Father John Misty
Kings Theatre, Brooklyn, NY
May 10, 2017
It’s in his dozen-odd-piece backing band, which even has a genuine musical director conducting the string quartet, but never delivers more than the song requires. It’s in the dazzling light show, centered around a huge screen upon which atmospheric scenes are projected: four rows of lights above the stage, a dozen spotlights at head level, and still another row of lights at floor level — so when they want to blow your mind, they do, but more often it’s calm, animated landscapes and vivid, ambient colors. And finally, it’s in the songs and the man at the center of it all, both of which generally start quietly and gradually build and build and build before peaking with comically overblown crescendos — before pulling back again to hear-a-pin-drop stillness, the crowd holding its breath waiting for the next verse or chord. Despite the oversized band and stage and conceits, much of the music and the show consists of quiet passages and dramatic pauses.
It’s hard to imagine a more perfect setting for such a show than Brooklyn’s gloriously renovated Kings Theatre, deep in the heart of Flatbush. The almost comically ornate 3,200-seat movie theatre opened on the eve of the Great Depression in September 1929 and fell into ruin along with much of New York City in the 1970s, but has been meticulously restored, down to the lush carpets, maroon curtains, art-deco chandeliers and borderline-garish gold trim embellishing virtually every corner. It reopened, fittingly enough, with Diana Ross’s first-ever Brooklyn concert in 2015.
“So this used to be a movie theater?” Father John, aka Josh Tillman, said during a quiet moment in the middle of the set. “Can you imagine seeing a prohibition-era ‘Avengers’ movie in here?” And fittingly, the 20-song, two-hour-ish set was paced for cinematic impact. It opened powerfully with the first half of “Pure Comedy” performed almost in sequence, leading with the title track and “Total Entertainment Forever,” the spotlights swooping into the venue’s high ceilings and reflecting off of the gold trim; the backdrop alternating from darkness to the cosmos to spaghetti-western mountain scenes. The music followed similar peaks and valleys, with Tillman, clad as usual in tight pants, pointy boots, a white shirt and oversized black suit jacket (it looks like he’s growing back his beard, a relief after his several weeks sporting a ridiculous molest-stache), generally planted behind the mic, strumming a succession of Martin acoustics and singing in his commanding, underrated voice.
But at strategic moments the spirit would overtake him, he’d toss the guitar to a roadie and lurch into his crazed-preacher shtick, staggering across the stage in deliberately ludicrous loose-limbed gyrations, raising his arms skyward like a demented shaman conjuring magic from a cauldron, grinding his hips in an absurd parody of rock-god poses. He’s mesmerizing and preposterous at the same time, and that’s the idea. You genuinely never know what he’s going to do next, whether he’ll break down the barrier between artist and audience and plunge into the crowd (which we’ve also seen him do, but not tonight), collapse into a heap, or cue the band to bring it down and pick up his Martin.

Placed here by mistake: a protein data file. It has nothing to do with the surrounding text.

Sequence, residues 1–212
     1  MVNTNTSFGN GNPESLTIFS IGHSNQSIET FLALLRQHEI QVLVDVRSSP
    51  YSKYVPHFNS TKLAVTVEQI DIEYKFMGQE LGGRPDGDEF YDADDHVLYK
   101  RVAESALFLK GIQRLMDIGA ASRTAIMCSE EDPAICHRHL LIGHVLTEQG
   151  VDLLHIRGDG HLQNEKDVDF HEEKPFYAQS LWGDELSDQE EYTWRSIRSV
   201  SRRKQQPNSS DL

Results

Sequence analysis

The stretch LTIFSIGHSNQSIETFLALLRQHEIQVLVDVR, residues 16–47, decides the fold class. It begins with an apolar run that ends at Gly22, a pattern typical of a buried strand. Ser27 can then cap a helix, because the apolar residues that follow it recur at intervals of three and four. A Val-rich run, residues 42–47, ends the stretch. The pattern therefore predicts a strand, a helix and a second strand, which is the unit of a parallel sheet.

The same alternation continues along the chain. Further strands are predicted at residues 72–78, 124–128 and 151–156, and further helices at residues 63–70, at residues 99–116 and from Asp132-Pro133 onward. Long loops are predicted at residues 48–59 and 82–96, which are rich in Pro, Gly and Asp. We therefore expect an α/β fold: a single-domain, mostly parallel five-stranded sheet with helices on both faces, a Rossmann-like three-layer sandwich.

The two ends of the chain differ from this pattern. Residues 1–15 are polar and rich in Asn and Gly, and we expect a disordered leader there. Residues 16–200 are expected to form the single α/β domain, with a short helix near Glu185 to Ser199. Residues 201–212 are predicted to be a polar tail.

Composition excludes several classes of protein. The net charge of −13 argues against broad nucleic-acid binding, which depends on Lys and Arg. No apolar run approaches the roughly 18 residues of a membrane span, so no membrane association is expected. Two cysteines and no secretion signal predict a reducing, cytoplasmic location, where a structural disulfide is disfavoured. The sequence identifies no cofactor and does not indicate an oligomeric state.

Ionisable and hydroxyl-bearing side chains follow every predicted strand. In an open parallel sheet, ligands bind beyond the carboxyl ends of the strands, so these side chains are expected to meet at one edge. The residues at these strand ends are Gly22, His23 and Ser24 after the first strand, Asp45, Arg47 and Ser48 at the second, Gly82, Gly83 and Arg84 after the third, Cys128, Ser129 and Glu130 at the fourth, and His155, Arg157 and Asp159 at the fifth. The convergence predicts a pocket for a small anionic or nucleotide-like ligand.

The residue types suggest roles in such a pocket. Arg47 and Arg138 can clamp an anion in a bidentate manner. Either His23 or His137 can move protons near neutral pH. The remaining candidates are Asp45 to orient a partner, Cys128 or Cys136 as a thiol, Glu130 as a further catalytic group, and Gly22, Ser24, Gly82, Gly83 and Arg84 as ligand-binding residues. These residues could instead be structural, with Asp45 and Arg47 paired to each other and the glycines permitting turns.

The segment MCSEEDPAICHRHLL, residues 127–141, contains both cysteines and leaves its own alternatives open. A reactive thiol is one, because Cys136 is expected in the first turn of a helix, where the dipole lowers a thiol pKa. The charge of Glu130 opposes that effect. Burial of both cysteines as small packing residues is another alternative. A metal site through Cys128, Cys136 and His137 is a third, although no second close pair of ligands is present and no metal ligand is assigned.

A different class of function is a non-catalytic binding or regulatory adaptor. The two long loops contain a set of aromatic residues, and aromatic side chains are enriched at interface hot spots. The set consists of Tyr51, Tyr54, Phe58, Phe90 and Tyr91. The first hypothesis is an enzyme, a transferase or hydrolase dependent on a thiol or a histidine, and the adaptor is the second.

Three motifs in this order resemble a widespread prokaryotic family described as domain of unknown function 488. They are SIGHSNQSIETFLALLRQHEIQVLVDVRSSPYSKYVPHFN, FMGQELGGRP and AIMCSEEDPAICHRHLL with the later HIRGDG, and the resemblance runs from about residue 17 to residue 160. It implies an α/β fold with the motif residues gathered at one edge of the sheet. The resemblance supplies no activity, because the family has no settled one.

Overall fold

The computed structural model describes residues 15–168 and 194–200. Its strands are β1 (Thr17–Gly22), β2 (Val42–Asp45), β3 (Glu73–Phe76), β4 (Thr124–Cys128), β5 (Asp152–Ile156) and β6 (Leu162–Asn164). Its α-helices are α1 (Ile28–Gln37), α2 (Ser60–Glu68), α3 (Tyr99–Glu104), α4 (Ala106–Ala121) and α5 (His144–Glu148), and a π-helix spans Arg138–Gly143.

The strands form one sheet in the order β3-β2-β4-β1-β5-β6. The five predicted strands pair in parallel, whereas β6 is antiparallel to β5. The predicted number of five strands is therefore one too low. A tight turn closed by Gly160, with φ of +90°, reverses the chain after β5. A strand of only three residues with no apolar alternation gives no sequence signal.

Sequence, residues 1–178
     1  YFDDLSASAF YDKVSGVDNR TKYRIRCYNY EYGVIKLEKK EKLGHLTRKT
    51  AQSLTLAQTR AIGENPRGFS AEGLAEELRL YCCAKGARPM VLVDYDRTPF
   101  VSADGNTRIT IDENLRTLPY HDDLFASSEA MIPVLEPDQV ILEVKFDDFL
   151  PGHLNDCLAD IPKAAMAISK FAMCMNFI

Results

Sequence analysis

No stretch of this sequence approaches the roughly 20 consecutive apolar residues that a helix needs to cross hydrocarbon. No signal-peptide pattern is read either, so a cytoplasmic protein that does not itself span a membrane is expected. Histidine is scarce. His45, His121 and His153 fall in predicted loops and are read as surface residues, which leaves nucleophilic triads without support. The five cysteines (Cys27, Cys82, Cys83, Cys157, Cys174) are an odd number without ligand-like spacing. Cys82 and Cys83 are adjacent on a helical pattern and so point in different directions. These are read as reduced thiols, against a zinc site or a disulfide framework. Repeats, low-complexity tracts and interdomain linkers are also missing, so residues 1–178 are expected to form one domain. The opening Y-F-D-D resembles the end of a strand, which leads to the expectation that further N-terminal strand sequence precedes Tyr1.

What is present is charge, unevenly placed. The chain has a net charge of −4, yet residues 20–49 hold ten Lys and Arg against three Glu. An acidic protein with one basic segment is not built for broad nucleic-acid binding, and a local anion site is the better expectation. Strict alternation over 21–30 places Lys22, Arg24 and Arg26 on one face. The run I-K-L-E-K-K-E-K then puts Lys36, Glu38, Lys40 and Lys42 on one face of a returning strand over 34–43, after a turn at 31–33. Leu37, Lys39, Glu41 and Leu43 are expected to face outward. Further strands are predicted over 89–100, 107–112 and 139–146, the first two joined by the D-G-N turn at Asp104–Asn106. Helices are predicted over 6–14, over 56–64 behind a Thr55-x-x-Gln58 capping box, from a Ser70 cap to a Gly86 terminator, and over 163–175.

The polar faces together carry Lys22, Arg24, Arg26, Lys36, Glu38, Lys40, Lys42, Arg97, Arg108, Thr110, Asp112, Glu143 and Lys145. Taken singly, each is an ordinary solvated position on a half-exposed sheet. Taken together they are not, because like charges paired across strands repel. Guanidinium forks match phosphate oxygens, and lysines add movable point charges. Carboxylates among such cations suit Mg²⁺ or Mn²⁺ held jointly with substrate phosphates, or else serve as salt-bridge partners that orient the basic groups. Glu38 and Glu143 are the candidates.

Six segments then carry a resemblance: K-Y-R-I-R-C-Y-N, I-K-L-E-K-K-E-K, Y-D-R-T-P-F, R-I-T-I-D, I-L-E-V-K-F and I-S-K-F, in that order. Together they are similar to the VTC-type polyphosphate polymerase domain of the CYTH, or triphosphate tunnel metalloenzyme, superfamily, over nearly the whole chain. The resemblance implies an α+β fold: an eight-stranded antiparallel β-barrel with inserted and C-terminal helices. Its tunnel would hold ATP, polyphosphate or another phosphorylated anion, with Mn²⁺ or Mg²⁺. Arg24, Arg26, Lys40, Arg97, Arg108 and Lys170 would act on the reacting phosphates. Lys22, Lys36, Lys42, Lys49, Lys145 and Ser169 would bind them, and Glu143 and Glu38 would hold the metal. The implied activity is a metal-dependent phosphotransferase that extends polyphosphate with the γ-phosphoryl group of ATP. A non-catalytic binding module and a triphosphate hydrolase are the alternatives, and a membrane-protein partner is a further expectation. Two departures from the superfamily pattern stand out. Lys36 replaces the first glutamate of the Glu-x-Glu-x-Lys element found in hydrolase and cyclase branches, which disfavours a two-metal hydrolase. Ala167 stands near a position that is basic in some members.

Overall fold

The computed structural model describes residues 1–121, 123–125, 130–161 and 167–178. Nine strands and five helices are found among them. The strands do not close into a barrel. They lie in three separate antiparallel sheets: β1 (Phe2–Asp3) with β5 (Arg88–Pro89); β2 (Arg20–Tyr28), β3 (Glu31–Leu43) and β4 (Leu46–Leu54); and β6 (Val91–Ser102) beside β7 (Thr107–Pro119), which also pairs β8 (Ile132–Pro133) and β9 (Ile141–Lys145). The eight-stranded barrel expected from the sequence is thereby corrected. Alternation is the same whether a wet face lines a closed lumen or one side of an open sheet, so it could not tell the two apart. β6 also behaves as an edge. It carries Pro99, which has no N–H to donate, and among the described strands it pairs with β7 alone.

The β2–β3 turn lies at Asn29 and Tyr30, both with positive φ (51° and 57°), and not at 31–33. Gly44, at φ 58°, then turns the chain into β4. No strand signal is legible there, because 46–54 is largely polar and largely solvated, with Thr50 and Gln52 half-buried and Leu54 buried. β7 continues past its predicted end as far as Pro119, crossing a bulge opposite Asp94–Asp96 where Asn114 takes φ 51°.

And that is the great contradiction of Father John Misty. He’s the greatest rock star of his generation but can’t bring himself to embrace it except in jest. He’s got the charisma, the voice, the songs and the moves, and for evidence just dredge up his performance of “Hollywood Forever Cemetery Sings” at Coachella last month. Completely backlit with red lights, he straps on an electric guitar (the only time in the set he plays one) and is such a classic rock star that you can’t help but think if he’d only serve up one full album of songs like this he’d singlehandedly jolt rock and roll out of its decades-long doldrums. And yet tonight he’d noticeably slowed down the song’s tempo, so much that the effect was lost — as if he’d caught himself falling off the wagon at Coachella and is now exercising discipline. He ended the usually show-stopping song abruptly, as if embarrassed.
Instead, we get the arguably more interesting spectacle of a deeply charismatic artist swooning around the stage like a bastard combination of Nick Cave and Iggy Pop, leading a band that includes a string quartet through songs of pop-orchestral grandiosity in a style pioneered by flawed geniuses like Nilsson and Jimmy Webb and Lee Hazelwood. It’s oddly fitting for an artist famed for baffling and hilarious lyrics like “Darling, I love you as you are when you’re alone” and the now-infamous “Bedding Taylor Swift / Every night inside the Oculus Rift.”
The deeply reverent crowd loved all of it, and after the long encore wound down, Tillman and the band took a slow exit from the stage as the house lights came up and the audience filtered out slowly, as if wanting to be sure it didn’t miss anything that might come next.